Stunt kites are a ton of fun because they permit the flyer to become a pilot as they take the kite lines in their hands.
Fly spins and loops, and with training, you can get familiar with some stunning kite stunts. Stunt kites are an incredible way to unwind and enjoy the open air.
Beginner stunt kites are generally made solid to face the unavoidable crashes at the learning stage. They don’t fly that fast, so you get an opportunity to handle them and do a few tricks as you fly.
In this article, we’ll show you 8 of the best stunt kite tricks for beginners!
What You'll Learn...
8 Stunt Kite Tricks for Beginners
Take off the kites maneuvering your arms easily in reverse; bring both arms to your front when the kites arrive at the center of the wind window.
The nose of the kites will point away from you, and the midsection positioned up with the lines that stretch across the trailing edge towards you.
Plus, you want to perform a turtle release, keep it going or flying forward, both handles should be pulled behind simultaneously to get the kite to recover from the turtle.
Do this, and the kite should flip back toward you.
Try performing the fade in the same manner. Once more, begin with taking off maneuver and let the kites reach the pinnacle.
After that guiding the nose downward, and when the kites remain in the center height of the wind window, perform a pancake from a plunge popping both handles simultaneously.
Following that, when kites noses are pointing at you, stretch out the lines over the leading edge leave the kites flying around there.
For beginners, fades are trendy and easy to learn. If you wish to recover from fade, simply slack the lines pushing arms ahead and turning your wrist out along the side so that the kites turn in the direction of the force, changing their position.
If the kite’s nose is positioned on opposite sides, you can rehearse straight flight by shifting your arms in a similar direction to the kites.
On the other hand, if you don’t wish to recover from fading and want to land your kite, simply repeat the exercise and land your kite down on the ground in a pancake.
This particular trick is a sequence of shifting back and forth among pancakes and fades. To do it, I genuinely suggest starting the maneuver by flying straight down from the peak.
You can then lunch the kite and yank the two handles to build a belly float and a reverse black flip.
Perform FlicFlac rhythmically like FlicFlac, FlicFlac, FlicFlac until you ran out of room.
It’s easier done with the music or counting numbers rhythmically.
Eventually, you can complete this stunt by putting the kite down in fade.
This one is a nose-away belly down landing on the deck. Begin with taking off and let the kite reach a height and continue flying straight and land belly down on the ground.
This trick can be easily performed with two kites, but if you’re a beginner, learn to perform it with one first.
For two, fly both the kites to the zenith at the moment when one of them is flying at the peak, and another one is nose down.
When the kite is flying close to the ground, push the handle further and land it on the belly.
Like the name states, the Backspin Cascade is a Backspin in which every turn inverts direction.
The stunts begin with a belly up and nose behind, which is similar to the backspin, and then the kite reverses its turn in one direction and then in another.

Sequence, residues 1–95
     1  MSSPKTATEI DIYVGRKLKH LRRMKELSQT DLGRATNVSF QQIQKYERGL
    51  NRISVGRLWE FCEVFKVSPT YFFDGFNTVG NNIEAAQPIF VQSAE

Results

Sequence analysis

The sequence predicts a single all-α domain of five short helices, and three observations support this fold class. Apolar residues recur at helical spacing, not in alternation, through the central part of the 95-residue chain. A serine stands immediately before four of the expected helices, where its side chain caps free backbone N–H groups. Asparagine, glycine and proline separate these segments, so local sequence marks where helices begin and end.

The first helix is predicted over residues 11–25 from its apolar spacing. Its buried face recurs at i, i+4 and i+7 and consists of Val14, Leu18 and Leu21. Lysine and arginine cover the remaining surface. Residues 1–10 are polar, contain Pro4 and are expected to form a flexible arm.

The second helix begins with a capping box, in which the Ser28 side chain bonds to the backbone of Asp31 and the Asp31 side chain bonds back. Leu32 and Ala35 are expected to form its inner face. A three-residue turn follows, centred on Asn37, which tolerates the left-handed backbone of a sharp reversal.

The kite should finish at least three reverse turns. The turns should be narrow, with next to zero dissimilar gaps between each turn.
The technique and direction of the exit don’t make any difference.
Begin by flying a kite to the left-hand side of the window and slow it down in an upright position. Then do a slight push turn with your secondary hand just to the extent that the right wingtip begins to sink.
As the dip begins, do a solid yank with your left hand and a punch through your prime hand. This will make the left wingtip spin forward and up, and the right one falls back and down.
Few people go to such an extreme during maneuvering; they slap their right shoulder with their left hand and Then level both hands and pull back to recover from Axel.
If done properly, the kite appears to perform a side somersault and a right flip.
This move is basically 50% of a complete Axle. A half axle is a stunt that turns the kite’s flight direction. The kite flies horizontally in either direction and drops down on its belly, and spins 180 degrees.
The kite is then pulled back with the nose pointing the opposite direction and should exit in a straight line.
The flight’s direction and the level at which the stunt is performed don’t matter.
The is a ground stunt where the sport kites rest on one side of the wing and then perform a Half Axel springing up and spinning 180 degrees and stops on the opposite wingtip where it should stay for at least 3 seconds.
Safety Precautions When Flying Stunt Kites
Spring is an ideal season to rule the skies with your kites but can be a nuisance and dangerous to some people if not done correctly. Do keep these few safety tips in mind and enjoy your kite’s flying experience to the fullest.
- Don’t fly on roads, busy streets, and terraces with no boundaries.
- Stay away from power lines, radios, and TV antennas.
- Try not to underestimate the power of the wind. Never forget to wear gloves as the kite wires are often sharp to avoid injury and deep cuts.
- Watch out for holes and rocks if you’re running to get your kite.
- Don’t allow a young child to fly a kite with more than a 30-pound flying line. Always let them fly under your supervision.
- Never fly kites in stormy weather as the kite will act as a big lightning rod leaving you vulnerable to lightning strikes.